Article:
Roth nicely describes Dutton’s before-and-after works as akin to the sudden cuts in early movies in which an object in one frame suddenly disappears in the next, as if by magic. The quintessential Dutton before-and-after tableau is his pairing of an anonymous photographer’s Phoenix, Camelback Mountain (1910) with his own Phoenix, looking north (1980). In the former, the famous mountain sits lonely amid tumbleweeds and cacti. In the latter, the mountain is barely visible behind a row of ranch-style houses, telephone lines, and parked cars.
In other paired images, wagon carts are replaced by cars, Stetson-sporting pioneers supplanted by snowbirds in cotton-poly blends. A 1915 photograph taken in Ash Fork, Ariz., features the porch of a grand-looking railroad depot; Dutton’s 1980 counterpart shows only a group of forlorn double-wide trailers and cinder-block buildings. Still, not all of the changes Dutton documents are so depressing. In a three-stage portrait of a street corner in downtown Phoenix, Dutton shows that skyscrapers sprouted between 1979 and 2000but so did a cluster of healthy-looking trees.
As telling as these images are, Dutton’s best work consists of his efforts to document Sun City, a retirement community located northwest of Phoenix. Dutton passed through Sun City once in the mid-’80s and then returned to the same locations last year. Unlike his other before-and-after imagesor those taken for the RSPDutton’s Sun City photographs feature homes, rather than mountains and other landforms, as their most constant visual elements. Everything elseparticularly the florafluctuates with time.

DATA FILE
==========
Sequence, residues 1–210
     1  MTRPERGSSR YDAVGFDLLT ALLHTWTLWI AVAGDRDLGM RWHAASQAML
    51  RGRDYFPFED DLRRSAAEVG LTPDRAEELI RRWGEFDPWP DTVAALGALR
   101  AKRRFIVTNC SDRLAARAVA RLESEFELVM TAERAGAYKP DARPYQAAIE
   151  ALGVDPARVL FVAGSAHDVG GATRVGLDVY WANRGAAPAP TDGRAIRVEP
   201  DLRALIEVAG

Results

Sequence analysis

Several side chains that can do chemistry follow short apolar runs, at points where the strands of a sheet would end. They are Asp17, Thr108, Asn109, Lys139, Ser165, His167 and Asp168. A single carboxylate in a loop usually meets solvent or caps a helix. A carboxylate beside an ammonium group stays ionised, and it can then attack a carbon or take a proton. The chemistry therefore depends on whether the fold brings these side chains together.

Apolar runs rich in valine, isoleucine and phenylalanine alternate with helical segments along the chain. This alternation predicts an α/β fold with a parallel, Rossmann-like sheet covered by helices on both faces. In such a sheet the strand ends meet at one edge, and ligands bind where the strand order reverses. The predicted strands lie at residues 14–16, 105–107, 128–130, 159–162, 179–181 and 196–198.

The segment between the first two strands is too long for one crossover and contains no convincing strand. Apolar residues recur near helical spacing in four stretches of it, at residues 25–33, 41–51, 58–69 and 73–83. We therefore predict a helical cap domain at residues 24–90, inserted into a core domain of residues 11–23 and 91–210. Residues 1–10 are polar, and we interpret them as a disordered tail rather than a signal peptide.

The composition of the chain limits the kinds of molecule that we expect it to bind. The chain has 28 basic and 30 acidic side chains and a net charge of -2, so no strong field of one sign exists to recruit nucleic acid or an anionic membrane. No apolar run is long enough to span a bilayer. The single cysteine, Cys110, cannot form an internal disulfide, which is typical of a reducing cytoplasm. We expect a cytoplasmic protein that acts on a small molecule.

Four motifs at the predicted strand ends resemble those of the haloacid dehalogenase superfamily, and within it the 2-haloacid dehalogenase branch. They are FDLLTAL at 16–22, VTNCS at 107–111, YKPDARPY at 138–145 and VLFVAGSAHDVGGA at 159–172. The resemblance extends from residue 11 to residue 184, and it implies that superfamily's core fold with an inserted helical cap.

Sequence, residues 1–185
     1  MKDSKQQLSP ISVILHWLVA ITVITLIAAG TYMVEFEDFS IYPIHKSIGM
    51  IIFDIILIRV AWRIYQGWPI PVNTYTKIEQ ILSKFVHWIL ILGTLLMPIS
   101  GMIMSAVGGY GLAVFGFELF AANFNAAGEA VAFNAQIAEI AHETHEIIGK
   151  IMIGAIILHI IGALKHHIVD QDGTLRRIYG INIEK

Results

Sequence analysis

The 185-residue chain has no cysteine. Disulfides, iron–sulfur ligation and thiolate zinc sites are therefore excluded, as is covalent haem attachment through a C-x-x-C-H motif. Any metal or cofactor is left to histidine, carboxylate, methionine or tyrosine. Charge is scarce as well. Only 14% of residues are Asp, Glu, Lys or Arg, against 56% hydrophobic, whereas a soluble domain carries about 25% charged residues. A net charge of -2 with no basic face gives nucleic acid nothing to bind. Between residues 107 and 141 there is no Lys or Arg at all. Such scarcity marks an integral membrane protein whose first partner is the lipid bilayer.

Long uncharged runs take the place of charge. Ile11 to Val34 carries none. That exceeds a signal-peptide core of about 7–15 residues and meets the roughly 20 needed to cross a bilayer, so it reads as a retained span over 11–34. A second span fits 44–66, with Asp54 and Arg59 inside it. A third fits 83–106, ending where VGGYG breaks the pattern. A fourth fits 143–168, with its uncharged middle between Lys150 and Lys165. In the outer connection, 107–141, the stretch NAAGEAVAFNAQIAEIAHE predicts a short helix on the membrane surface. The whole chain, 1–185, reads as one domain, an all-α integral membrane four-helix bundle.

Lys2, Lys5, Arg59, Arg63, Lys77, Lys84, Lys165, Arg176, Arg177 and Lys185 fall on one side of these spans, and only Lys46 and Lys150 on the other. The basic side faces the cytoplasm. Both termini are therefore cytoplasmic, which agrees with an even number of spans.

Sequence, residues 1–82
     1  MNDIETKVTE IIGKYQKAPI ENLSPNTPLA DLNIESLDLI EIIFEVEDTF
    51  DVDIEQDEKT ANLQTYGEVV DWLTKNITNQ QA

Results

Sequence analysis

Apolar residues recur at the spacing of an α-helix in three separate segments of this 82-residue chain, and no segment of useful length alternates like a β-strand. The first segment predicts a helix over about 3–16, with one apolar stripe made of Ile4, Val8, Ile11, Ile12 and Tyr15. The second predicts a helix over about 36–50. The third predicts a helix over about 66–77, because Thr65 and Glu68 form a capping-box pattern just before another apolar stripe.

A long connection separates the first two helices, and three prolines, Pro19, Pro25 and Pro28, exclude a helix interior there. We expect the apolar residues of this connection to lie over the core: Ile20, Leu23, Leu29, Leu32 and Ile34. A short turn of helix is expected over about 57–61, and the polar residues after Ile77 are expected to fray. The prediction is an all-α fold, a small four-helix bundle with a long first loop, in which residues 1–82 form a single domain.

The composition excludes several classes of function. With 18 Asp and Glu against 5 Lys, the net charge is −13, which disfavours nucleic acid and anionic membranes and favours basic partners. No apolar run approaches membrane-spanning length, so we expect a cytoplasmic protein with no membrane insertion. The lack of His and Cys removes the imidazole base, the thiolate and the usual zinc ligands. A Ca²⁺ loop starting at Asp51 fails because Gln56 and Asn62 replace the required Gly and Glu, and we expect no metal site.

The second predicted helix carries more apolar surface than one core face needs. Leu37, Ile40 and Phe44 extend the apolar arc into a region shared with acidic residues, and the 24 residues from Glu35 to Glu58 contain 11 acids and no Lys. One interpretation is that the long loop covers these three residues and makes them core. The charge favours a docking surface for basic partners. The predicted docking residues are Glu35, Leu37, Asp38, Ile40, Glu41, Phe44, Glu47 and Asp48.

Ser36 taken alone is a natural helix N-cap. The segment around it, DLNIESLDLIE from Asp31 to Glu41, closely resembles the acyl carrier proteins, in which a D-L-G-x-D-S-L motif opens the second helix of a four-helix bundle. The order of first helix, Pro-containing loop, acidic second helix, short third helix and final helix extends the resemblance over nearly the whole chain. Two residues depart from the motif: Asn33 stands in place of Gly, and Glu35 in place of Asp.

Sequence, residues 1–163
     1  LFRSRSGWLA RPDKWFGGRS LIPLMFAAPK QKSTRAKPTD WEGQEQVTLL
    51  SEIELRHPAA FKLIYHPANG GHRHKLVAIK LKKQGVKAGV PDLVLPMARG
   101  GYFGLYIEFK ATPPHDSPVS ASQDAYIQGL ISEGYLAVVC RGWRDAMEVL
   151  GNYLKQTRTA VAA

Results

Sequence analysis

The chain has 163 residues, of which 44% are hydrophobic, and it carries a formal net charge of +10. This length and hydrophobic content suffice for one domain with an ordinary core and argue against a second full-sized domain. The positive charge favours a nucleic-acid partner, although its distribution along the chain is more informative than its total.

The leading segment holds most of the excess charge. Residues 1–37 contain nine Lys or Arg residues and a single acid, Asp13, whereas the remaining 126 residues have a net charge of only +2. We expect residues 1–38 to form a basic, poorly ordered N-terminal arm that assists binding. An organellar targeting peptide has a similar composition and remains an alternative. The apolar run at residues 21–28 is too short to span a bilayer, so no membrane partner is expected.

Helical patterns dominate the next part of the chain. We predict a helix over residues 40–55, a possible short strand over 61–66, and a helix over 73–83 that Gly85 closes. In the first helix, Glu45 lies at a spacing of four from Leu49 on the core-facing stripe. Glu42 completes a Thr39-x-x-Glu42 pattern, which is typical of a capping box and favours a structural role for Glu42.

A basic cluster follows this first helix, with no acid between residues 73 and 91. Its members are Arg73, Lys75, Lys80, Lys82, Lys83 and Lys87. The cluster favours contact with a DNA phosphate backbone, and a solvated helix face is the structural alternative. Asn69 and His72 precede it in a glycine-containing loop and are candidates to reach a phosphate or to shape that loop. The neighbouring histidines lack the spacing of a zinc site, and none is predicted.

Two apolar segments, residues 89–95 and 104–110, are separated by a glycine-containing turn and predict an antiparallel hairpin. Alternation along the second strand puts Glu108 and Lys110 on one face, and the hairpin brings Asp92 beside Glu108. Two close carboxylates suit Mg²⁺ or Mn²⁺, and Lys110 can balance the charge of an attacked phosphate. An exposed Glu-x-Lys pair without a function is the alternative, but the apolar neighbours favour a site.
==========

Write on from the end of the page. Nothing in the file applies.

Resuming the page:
Consider Dutton’s two images of 10631 Snead Drive, taken 14 years apart. In the first, the lawn explodes with a breathtaking array of cacti. In the more recent picture, the same lawn consists entirely of gravel. Yet the cut of the house’s roofline, the shape of the street’s curb, and the structure of the public building down the block are exactly the same. In another image, the home at 9308 Hidden Valley Circle appears to be precisely the same as it was in the ’80s except for its immaculately pruned shrubbery, which has grown both fatter and taller. (Apparently, denizens of Sun City care passionately about their yards; one resident, Anthony Carozza, even posed for Dutton with his hedge trimmer in hand.)